Right calcaneus from 1st c AD Gavello, Italy, showing possible evidence of crucifixion.
Emanuela Gualdi-Russo & Ursula Thun Hohenstein / University of Ferrara
Skeletal evidence of crucifixion, a practice the Romans used for centuries as punishment, is exceedingly rare. Five years ago, there was only one bone that experts agreed was likely from a crucified person, who was buried in Israel. Now, a second bone from northern Italy is at the center of a new Smithsonian Channel documentary on ancient crucifixion airing tonight.
The first example of possible crucifixion comes from 1968, when excavations in a cemetery in Giv’at ha-Mivtar just outside of Jerusalem revealed a calcaneus or heel bone with a nail still piercing it. The tomb lists a man’s name – Yehohanon ben Hagkol – but otherwise nothing about him is known. Based on the nail through the bone, archaeologist Vassilios Tzaferis concluded that Yehohanon had been crucified.
Right: The calcaneus of Yehohanon ben Hagkol, with transfixed nail. Left: A reconstruction of what … [+]
While the method of Yehohanon’s demise has been debated, for 50 years his heel bone was the only clear skeletal evidence of the practice. Numerous reasons explain why archaeologists haven’t found copious examples of crucifixion: its victims were usually criminals, who likely weren’t buried in cemeteries; crucifixion nails were seen as magical or medicinal, so may have been removed from most victims; and most crucifixions involved reusable ropes rather than expensive nails, and inflicted only soft tissue injuries.
But a second example has been published in the journal Archaeological and Anthropological Sciences. Accidentally uncovered during preventative archaeological work ahead of a planned pipeline about 75km outside of Venice, Italy, the isolated skeleton – a man in his 30s – was laid to rest without any grave goods.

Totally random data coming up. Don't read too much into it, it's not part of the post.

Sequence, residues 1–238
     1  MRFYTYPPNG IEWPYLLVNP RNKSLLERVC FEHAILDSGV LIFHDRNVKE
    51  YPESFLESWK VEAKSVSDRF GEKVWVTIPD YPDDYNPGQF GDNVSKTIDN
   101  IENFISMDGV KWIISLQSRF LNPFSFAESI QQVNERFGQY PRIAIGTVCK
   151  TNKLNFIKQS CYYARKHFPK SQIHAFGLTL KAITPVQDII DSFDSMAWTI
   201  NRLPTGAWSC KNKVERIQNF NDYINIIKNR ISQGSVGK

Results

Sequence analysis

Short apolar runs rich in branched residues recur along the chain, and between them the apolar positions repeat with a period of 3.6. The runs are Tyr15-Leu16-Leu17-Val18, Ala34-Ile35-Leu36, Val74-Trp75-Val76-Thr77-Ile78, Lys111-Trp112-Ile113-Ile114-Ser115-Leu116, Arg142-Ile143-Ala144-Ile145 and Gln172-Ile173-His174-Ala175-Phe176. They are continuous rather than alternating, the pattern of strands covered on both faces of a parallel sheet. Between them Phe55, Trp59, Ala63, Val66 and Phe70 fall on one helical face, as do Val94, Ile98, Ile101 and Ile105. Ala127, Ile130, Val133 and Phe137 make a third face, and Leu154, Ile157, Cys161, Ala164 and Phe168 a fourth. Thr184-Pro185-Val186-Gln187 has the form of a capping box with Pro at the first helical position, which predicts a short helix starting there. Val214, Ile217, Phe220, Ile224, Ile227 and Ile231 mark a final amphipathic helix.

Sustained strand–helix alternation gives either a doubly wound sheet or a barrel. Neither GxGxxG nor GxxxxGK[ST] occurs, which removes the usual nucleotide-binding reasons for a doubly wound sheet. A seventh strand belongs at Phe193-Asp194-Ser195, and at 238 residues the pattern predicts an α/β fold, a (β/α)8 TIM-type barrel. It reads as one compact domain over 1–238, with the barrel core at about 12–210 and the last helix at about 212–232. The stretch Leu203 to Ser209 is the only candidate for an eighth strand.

Grave of the man from Gavello during excavation by the provincial archaeological superintendency.
Soprintendenza Archeologia, Belle Arti e Paesaggio per le Province di Verona, Rovigo e Vicenza
Although the skeleton was not well preserved, the research team – consisting of Emanuela Gualdi-Russo, Ursula Thun Hohenstein, and Nicoletta Onisto from the University of Ferrara and Elena Pilli and David Caramelli from the University of Florence – was able to extract DNA and to rule out an accidental origin for a hole in the calcaneus.
The hole itself is round, passing from the inside of the foot to the outside, and there is evidence that it was inflicted around the time of death. “In our interpretation,” the archaeologists write, “the type of lesion found on the right calcaneus from Gavello is compatible with a position of the body […] contorted to the right with legs and feet in contact to allow a single nail to pierce both heels, [or with] knees in an open position and feet with heels overlapping and fixed on the medial side by a single nail.”
Just as at Giv’at ha-Mivtar, the Gavello skeleton reveals a puncture wound caused almost certainly by a nail through the heel bone. Unlike the Jerusalem example, though, the man from Gavello was not buried in a proper family tomb. “Isolation of the burial site,” the researchers explain, “may have been a consequence of the community’s refusal of the individual in death as in life.”
A new documentary airing tonight on the Smithsonian Channel titled “Crucifixion Mystery” investigates these two skeletal examples of crucifixion within the historical background of the Roman Empire, and also interviews experts – including me – on how the mechanisms of this punishment caused a person’s death. Dr. Per Lav Madsen, a Danish cardiologist, has been running experiments to show that, after just an hour of being forced into a standing position, unable to move the legs, a person can faint or otherwise lose consciousness. And I describe how a lack of water leads to dehydration and eventually to failure of various bodily systems, causing death. There were ways to hasten death – such as through crurifragium, or breaking the legs – but crucifixion was actually designed to be a slow, painful demise.
The fact that archaeologists have only found two bones that show clear evidence of crucifixion, two millennia after the Romans used it on thousands of victims, means that we will likely never fully understand the extent to which the punishment was used, whom it was used on, or how they met their ends. But given the advances in archaeological research even since the Giv’at ha-Mivtar skeleton was found, both bones demonstrate just how much we stand to learn when this incredibly rare evidence is found.